Singapore – The Building and Construction Authority (BCA) in Singapore projects the total construction demand in 2021 (i.e. the value of construction contracts to be awarded) to range between S$23 billion and S$28 billion. This is an improvement from the S$21.3 billion (preliminary estimate) in 2020 during the ongoing COVID-19 pandemic.
The public sector is expected to drive the construction demand in 2021, to between S$15 billion and S$18 billion with an anticipated stronger demand for public housing and infrastructure projects. Some of the upcoming major public sector projects scheduled to be awarded this year include various contracts under the Jurong Region MRT Line, the Cross Island MRT Line Phase 1 and the Deep Tunnel Sewerage System Phase 2.
Private sector construction demand is projected to be between S$8 billion and S$10 billion in 2021. BCA projects the bulk of private sector construction demand in 2021 to comprise development of the remaining en-bloc residential sites, major retrofitting of commercial developments as well as construction of high-specification industrial buildings to meet business needs.
Due to the impact of the COVID-19 pandemic, which disrupted project implementation schedules, the preliminary figure for construction demand in 2020 indicated a decline of 36.5 percent to S$21.3 billion. This was within BCA’s revised forecast of S$18 billion to S$23 billion.
Public sector construction demand dropped from S$19.0 billion in 2019 to S$13.2 billion in 2020, as some major infrastructure projects that required more time to assess the pandemic’s impact on resource management and project schedules, were postponed. Meanwhile, private sector construction demand decreased from S$14.5 billion in 2019 to S$8.1 billion in 2020, due to market uncertainties amid the COVID-induced economic recession.
Forecast for 2022 to 2025
BCA expects a steady improvement in construction demand over the medium term. It is projected to reach between S$25 billion and S$32 billion per year from 2022 to 20251.
The public sector is expected to lead the demand and contribute S$14 billion to S$18 billion per year from 2022 to 2025 with similar proportions of demand coming from building projects and civil engineering works. Besides public residential developments, public sector construction demand over the medium term will continue to be supported by large infrastructure and institutional projects such as the Cross Island MRT Line (Phases 2 and 3), the Downtown Line Extension to Sungei Kadut, the cycling path networks, the relocation of Singapore Science Centre, the Toa Payoh Integrated Development, the Alexandra Hospital redevelopment and a new integrated hospital at Bedok.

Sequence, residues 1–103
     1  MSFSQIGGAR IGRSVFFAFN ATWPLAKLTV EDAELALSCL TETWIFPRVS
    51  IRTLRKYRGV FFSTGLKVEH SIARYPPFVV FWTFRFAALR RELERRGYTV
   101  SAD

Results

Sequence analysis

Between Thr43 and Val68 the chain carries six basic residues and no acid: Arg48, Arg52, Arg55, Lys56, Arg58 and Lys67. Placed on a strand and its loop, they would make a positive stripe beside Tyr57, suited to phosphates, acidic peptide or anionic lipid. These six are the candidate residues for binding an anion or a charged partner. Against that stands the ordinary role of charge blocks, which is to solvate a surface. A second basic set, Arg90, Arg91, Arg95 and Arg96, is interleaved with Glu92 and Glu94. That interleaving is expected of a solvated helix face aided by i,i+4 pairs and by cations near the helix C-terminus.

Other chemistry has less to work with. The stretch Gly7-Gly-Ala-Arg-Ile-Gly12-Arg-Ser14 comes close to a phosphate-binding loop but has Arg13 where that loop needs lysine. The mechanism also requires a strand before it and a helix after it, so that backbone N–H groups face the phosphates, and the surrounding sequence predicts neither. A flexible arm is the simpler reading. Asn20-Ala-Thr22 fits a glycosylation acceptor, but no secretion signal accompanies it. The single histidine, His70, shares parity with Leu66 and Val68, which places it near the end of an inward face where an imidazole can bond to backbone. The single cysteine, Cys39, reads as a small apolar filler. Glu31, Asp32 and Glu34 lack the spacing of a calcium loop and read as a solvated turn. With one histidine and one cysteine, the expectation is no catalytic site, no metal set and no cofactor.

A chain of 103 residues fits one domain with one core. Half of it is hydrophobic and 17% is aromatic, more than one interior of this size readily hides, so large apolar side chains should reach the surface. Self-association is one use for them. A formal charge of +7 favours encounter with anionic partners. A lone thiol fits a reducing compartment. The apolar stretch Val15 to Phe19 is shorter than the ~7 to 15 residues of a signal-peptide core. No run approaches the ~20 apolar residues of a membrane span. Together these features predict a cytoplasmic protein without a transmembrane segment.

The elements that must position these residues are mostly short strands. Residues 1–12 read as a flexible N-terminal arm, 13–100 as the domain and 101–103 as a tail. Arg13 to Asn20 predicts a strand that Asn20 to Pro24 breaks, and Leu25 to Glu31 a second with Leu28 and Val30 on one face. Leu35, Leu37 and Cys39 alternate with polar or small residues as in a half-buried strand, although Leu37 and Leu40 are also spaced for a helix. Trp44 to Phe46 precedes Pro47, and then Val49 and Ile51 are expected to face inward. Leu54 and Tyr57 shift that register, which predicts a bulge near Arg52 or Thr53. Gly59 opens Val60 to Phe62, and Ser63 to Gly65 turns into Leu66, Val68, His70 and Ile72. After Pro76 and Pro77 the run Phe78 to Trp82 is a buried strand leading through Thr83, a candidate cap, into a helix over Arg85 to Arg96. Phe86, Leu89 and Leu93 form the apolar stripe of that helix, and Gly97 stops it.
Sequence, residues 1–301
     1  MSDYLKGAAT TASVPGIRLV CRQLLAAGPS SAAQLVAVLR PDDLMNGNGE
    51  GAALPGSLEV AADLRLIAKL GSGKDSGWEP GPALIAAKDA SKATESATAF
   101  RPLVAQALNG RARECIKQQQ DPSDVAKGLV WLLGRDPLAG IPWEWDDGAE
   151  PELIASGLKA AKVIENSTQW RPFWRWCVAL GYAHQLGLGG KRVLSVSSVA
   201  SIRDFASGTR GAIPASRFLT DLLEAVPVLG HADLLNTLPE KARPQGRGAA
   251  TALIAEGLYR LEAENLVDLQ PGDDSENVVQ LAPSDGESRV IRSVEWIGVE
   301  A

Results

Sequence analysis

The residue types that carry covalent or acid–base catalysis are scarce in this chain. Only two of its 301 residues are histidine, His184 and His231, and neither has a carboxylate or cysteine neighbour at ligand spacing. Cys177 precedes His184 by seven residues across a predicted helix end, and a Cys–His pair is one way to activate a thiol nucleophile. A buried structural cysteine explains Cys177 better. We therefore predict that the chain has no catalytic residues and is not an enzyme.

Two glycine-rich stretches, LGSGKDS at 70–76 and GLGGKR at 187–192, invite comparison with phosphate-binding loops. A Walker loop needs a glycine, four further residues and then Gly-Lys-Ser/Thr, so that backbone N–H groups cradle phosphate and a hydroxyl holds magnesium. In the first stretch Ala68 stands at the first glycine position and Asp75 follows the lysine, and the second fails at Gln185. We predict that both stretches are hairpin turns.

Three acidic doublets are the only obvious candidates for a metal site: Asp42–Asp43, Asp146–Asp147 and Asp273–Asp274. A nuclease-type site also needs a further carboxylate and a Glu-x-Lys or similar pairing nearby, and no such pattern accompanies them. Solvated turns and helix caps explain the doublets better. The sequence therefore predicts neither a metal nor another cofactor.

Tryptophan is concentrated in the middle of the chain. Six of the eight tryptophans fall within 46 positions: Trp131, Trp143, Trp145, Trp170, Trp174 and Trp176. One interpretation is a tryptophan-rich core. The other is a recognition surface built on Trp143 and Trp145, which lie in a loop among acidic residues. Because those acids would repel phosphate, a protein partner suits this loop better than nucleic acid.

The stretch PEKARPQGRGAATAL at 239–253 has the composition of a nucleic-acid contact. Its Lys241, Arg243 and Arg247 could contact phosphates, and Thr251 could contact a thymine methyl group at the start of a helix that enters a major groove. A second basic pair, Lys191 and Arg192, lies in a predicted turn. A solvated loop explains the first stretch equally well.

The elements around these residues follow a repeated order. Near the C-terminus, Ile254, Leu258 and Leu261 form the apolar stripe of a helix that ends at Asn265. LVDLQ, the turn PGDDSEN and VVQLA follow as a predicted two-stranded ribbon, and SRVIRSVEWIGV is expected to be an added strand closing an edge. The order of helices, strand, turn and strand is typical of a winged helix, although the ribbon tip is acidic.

The private sector construction demand is expected to improve steadily in the medium term to reach between S$11 billion and S$14 billion per year from 2022 to 2025. This is in anticipation of a gradual recovery of the global economy, contingent on the successful deployment and effectiveness of COVID-19 treatment and vaccines as well as easing of lockdown restrictions.
Based on the contracts awarded in the past few years and considering the construction demand forecast for 2021, the total nominal construction output in 2021 is projected to increase to between S$24 billion and S$27 billion, from the estimated S$19.5 billion in 2020. An anticipated improvement in construction demand in 2021 and the backlog of remaining workloads impacted by the COVID-19 during 2020 will support the projected pickup in total construction output.
Although 2020 was particularly challenging for the built environment sector, the industry has shown great resilience. The COVID-19 pandemic has necessitated the industry to rethink the way Singapore builds to overcome the challenges. BCA will continue to work with its industry partners, led by the trade associations and chambers (TACs), to accelerate industry transformation.
The Alliance for Action (“AfA”) on Digitalising Built Environment, an industry-led and government-supported coalition, has identified digitalisation as an important enabler to help the industry build smarter. One of the initiatives introduced by the AfA is the introduction of a set of data standards for the Common Data Environment to facilitate more seamless information flow for building projects across digital platforms shared by various building professionals and companies along the value chain (see Annex for more information about the Data Standards).
1 The medium-term construction demand projection excludes any potential awards of construction contracts for the development of Changi Airport Terminal 5 and its associated infrastructure projects as well as the expansion of Integrated Resorts as their construction timelines are still under review due to the impact of the COVID-19 pandemic.